On August 11th, US Army National Guard Maj. Gregory Darlow offered a visual presentation of his experiences as Company Commander during the war in Iraq, where his focus was on route clearance and the removal of IEDs.

He was also interview on the "Dakota Midday" radio show at South Dakota Public Broadcasting. listen

Now a Mobilization Plans Specialist, he was then a 1LT in Company A, 153rd Engineer Battalion headquarted in eastern South Dakota.  The unit was deployed to Iraq from February 2004 to February 2005.  "A very interesting and harrowing story," according to Duke Doering. more

On September 8th, CMSgt.Richard Lake (USAF ret)  of Rapid City talked about his experiences during the Vietnam War as a tail gunner on a B-52.  "When I first got to Ellsworth in 1972, there was an old, highly experienced IP in the training flight that always ended the crew briefing on mission planning day with: 'In the event of an incident on takeoff, we’ll all exit the aircraft, assemble upwind, and get our stories straight'. This is my story." more


On October 13th, Col. Dale Friend(US Army ret) of Rapid City talked about Operation Junction City, which was the largest U.S. airborne operation since Operation Market Garden in World War II. The Tet Offensive ended on that day.  Friend led the assault into combat.

The combat jump on February 22, 1967, was conducted by one reinforced Combat Battalion (2nd Battalion 503rd) of the 173rd Airborne Brigade. Friend says that “845 of us made the jump in war zone D close to the Cambodian Border.”

When not leading soldiers into jungle combat, then Captain Friend was stationed at a base camp in Bien Hoa. “You’d go out for about a month and then go back to base camp for three or four days and get your act together.”

We heard that day too from Lt. Col. Jim Schmitendorf (USAF ret) who devoted his thoughts to a conservative assessment of the Constitution after his retirement.  His recently published bookLex Ferenda: A Constitution Modernization with Tea Party Bullets reminds us that the hundreds of years intervening between the 1770s and today, with a need to acknowledge the changes America has witnessed.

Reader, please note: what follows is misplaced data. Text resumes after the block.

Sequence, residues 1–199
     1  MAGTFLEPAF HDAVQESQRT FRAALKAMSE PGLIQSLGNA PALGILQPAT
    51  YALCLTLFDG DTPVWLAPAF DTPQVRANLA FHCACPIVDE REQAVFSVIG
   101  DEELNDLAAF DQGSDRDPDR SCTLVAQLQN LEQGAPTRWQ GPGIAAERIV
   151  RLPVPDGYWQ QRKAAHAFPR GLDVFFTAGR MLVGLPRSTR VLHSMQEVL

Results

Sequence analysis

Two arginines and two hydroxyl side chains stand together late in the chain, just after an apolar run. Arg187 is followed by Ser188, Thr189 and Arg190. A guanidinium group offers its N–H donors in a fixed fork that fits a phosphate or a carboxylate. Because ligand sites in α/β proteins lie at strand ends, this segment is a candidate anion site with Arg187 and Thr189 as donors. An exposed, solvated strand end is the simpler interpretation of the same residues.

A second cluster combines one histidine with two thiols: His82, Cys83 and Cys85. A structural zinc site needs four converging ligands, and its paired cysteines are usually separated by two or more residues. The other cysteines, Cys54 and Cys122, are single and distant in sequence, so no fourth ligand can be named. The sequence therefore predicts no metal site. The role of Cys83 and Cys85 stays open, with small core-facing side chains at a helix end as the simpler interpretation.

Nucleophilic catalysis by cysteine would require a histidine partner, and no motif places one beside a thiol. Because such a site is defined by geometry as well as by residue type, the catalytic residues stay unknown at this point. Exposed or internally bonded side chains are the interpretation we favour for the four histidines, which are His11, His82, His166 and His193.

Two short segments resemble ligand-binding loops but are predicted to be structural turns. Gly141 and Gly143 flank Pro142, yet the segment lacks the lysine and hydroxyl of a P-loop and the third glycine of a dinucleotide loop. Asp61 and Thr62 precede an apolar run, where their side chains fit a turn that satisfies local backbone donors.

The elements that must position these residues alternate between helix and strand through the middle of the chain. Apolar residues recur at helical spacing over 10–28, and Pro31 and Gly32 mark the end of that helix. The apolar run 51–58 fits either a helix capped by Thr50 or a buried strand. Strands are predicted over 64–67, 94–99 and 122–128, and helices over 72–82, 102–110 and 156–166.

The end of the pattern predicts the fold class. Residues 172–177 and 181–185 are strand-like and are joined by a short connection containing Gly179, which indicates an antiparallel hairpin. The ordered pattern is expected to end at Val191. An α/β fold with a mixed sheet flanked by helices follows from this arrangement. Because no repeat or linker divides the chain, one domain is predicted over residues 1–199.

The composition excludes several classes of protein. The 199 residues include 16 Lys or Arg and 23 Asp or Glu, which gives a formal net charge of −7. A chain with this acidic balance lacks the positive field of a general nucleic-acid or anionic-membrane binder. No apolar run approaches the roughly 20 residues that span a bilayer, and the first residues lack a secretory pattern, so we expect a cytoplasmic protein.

There are many topics in the US Constitution that Schmitendorf wants people to put back on the table for further discussion.  An engineering graduate of the Air Force Institute of Technology, this Piedmont author and Vietnam veteran piloted aircraft, worked on the Minuteman Missle system, and finally taught in the electrical engineering department at the South Dakota School of Mines and Technology.


On November 10th, Andreas Gronemann talked about his family's history during World War II and the Afrika Korps, the unit his grandfather served in.Gronemann hopes to compile his photographs and family letters into a memoir.  He had lots of photos of his grandfather Fritz--and of his family's life in post-war Berlin.  His wife Heidi and two daughters were with him.

Under General Erwin Rommel, the Afrika Korps became legendary as American and British tanks squared off against the German panzers and the Italian military. The cities and countries from the battles are often the same ones that appear in nightly news today.

Gronemann came to America from Berlin, and now lives in Rapid City, where he spends time restoring American Jeeps from World War II. more

On December 8, Capt. Kim Morey (USAF ret) talked about his experiences in B-52s and Operation Linebacker 2 during the Vietnam War.  Morey has since designed the Missile Display at EAFB's SD Air and Space Museum. more

(Jack Fellow's "Linebacker II: The High Road to Hanoi")